Thursday, March 21, 2013

Ok, so I do make rookie mistakes, but that's ok right?

When I saw this pattern, all kitted up and ready, with a life sized example in the store to drool over, I HAD TO HAVE it.  So home it came, and I've been waiting for other projects to fall off the radar before opening it because I knew that when I started, I'd have to keep at it until I had it done.

I thought I had it all under control.
I spent nearly a day just cutting fabric.
I couldn't wait to start making those pieces dance.
The first 8 blocks came together rather nicely.   
They measure 12.5 " square

 The second 7 blocks came together well too.  
So, by the time I moved on to the pieced sashing blocks, I guess I was getting a bit overconfident.  Remember the first two blocks were 12.5" square?  
Well, these sashing blocks are supposed to be 12.5" long. 
Unfortunately, mine weren't.
 Not even close.
They were 13.5" long, and nearly .5" too wide.
I didn't notice until I tried to attach the flying geese units to each end.  They weren't wide enough.
That's when I realized that all 28 of the units I had made so far were not right.
Needless to say, "I was not amused."

I admit, I lost sleep over this one.  I contemplated adding a small border to put between the blocks since they obviously wouldn't be matching up now.
I tried coming up with anything that would "fix" the problem.
I even called the quilt store to see if they had some of the fabric so I could just recut the pieces and start over - they didn't.

So, as much as I hated to admit it.  I'd have to pick all 28 of them apart and resew them.

Yes, I had skipped the basic part about CHECKING THE SIZE after making the first block to be sure I HAD IT RIGHT.  Yes, I'm yelling, but that's what I do when I make a mistake that I know I should have not made.  But, I am human.  Sigh.

You see, when I'm making half square triangles by the method of sewing across the squares twice and then cutting them in half along the line, I have to have the needle set at "7" to get the right space between the pencil line and the stitching to get them to come out the right size.
When I return to sewing that scant 1/4" straight seam, I have to have the needle set at "6".
I didn't.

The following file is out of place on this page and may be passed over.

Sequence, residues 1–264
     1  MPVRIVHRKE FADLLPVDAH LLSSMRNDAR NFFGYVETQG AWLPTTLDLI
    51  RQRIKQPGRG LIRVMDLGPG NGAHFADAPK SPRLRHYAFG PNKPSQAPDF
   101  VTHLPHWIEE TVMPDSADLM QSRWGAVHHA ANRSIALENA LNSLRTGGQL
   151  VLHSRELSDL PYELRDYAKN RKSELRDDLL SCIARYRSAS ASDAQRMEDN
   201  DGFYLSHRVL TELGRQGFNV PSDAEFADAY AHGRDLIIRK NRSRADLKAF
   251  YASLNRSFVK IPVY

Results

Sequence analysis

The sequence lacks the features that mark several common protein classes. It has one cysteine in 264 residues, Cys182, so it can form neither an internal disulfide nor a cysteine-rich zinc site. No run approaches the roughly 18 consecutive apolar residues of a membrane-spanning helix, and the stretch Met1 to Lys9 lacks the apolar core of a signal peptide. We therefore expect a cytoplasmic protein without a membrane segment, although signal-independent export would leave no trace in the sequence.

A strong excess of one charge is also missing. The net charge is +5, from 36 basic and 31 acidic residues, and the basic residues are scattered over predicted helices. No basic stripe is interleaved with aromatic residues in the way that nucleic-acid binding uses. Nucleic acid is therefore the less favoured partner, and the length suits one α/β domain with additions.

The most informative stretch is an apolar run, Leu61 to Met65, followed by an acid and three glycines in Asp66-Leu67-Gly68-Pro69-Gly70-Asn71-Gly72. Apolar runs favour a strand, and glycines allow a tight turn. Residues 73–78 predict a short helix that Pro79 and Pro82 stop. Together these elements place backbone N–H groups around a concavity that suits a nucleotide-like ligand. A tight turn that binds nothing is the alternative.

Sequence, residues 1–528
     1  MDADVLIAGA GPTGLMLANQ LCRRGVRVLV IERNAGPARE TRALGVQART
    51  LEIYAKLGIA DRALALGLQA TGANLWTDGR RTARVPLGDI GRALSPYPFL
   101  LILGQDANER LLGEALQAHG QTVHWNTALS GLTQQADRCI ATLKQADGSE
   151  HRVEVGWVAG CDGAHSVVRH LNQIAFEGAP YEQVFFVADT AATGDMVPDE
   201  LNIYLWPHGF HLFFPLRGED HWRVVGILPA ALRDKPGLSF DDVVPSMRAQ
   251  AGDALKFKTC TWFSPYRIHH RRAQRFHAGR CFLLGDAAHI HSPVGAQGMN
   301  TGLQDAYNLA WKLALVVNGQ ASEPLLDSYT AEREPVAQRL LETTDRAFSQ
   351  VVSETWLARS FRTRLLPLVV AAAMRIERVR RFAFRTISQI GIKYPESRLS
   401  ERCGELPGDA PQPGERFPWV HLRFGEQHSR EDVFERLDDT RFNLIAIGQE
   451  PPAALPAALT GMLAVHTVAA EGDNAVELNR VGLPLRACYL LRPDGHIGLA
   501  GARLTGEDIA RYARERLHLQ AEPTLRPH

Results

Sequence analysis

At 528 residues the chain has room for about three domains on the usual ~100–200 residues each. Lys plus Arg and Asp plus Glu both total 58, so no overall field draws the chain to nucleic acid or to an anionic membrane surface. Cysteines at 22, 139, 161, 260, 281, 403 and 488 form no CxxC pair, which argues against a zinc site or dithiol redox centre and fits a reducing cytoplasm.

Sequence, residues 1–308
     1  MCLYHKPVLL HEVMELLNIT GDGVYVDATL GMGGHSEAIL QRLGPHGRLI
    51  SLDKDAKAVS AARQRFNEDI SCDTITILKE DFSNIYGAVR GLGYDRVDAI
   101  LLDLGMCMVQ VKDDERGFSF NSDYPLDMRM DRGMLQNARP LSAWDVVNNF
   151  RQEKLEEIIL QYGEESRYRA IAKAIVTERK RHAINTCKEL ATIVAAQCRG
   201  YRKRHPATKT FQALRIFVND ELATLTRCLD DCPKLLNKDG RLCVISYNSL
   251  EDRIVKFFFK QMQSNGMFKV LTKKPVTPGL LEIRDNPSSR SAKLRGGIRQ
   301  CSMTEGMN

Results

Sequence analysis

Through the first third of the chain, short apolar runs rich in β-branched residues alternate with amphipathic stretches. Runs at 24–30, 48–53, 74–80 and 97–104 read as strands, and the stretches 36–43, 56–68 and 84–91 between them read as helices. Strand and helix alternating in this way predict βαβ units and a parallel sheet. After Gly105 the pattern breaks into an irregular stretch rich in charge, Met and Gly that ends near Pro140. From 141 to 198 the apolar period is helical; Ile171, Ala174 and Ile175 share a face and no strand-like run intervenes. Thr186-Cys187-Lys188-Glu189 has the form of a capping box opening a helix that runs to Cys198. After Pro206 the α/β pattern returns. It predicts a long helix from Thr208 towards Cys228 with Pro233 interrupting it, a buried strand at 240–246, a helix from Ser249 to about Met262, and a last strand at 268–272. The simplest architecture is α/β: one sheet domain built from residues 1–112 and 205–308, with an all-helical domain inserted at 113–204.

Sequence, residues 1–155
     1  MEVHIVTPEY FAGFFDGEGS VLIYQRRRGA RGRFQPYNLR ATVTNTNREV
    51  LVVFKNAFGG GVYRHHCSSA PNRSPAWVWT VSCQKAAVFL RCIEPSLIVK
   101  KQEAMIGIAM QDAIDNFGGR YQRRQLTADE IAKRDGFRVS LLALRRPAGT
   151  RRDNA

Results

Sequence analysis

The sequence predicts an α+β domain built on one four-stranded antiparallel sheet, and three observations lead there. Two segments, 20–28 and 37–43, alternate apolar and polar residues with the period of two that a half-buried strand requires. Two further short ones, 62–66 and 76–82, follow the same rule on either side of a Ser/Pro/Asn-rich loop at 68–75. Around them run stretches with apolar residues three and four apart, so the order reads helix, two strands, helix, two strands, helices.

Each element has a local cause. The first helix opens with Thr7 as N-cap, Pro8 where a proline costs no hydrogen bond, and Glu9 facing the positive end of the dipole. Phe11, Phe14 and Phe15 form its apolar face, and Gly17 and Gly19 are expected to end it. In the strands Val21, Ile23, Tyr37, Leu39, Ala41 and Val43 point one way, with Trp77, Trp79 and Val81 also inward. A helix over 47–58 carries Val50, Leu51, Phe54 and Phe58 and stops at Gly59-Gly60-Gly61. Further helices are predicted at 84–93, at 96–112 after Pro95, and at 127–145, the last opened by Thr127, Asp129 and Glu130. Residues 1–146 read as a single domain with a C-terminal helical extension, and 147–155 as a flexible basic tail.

So, to put this in perspective, look at this picture.  The space between these lines of stitching is the difference between the setting of "7" and "6".
Barely the width of a pin.
Unfortunately, when it adds up over this many seams, it adds up.
And it makes a big difference.
So, even when all the points match up perfectly, it can still be wrong.
Dang. (The family friendly edition of what I really said.) 

So far, I've spent two days picking and resewing, and I have half of them fixed.
And I'm feeling better about it now because I know it was the right decision.

I'm just really, really glad that I starched the heck out of the fabric before cutting it or those bias edges would have been so fragile.  If anything, I've learned that:
1. Measure twice, cut once
2. Read the pattern, especially when it says "proof to .... size"
3. Making a practise block is NEVER a waste of time.
4. Starch is my friend
5. Humble pie is a great learning tool.

I love this pattern.  I love the fabric.  I am going to love the finish.
And all that picking will be totally worth it.

Monday, March 4, 2013

Embroidery Birds

This winter has been really goofy so far.  I usually have mood problems when the season turns gray, but this year has been awful.  Dreary wet days with no snow on the ground and just cold mud are not my favorite.  I don't mind if it's cold, but I love the snow.  It brightens up the world.
On that note, my quilting passion is on a slow note right now, so I've turned to some embroidery to feed my craft hunger.
I'm not a fan of redwork, and cross-stitch I wasn't in the mood for, so I picked up some crewel work.  I just copied photos from the internet, enlarged them on the printer, outlined the main parts with a sharpie and then traced them onto cotton chambray.  The soft blue fabric makes an excellent background as it can be sky or water.
Once the patterns was traced, I fused a light weight interfacing to the back of the fabric.  This not only gives the fabric more substance, but helps to hide the threads from the back of the design.
Once the embroidery was done and pressed, I made the backing from fabric fused with heavy interfacing and used scraps of quilt batting in between.  Then I bound the edges just like a quilt and added a hanging sleeve.  They brighten my day!

My mom is celebrating her 77th birthday tomorrow and she's a bird lover too.  Maybe I'll just wrap them up!
So, what have you been working on?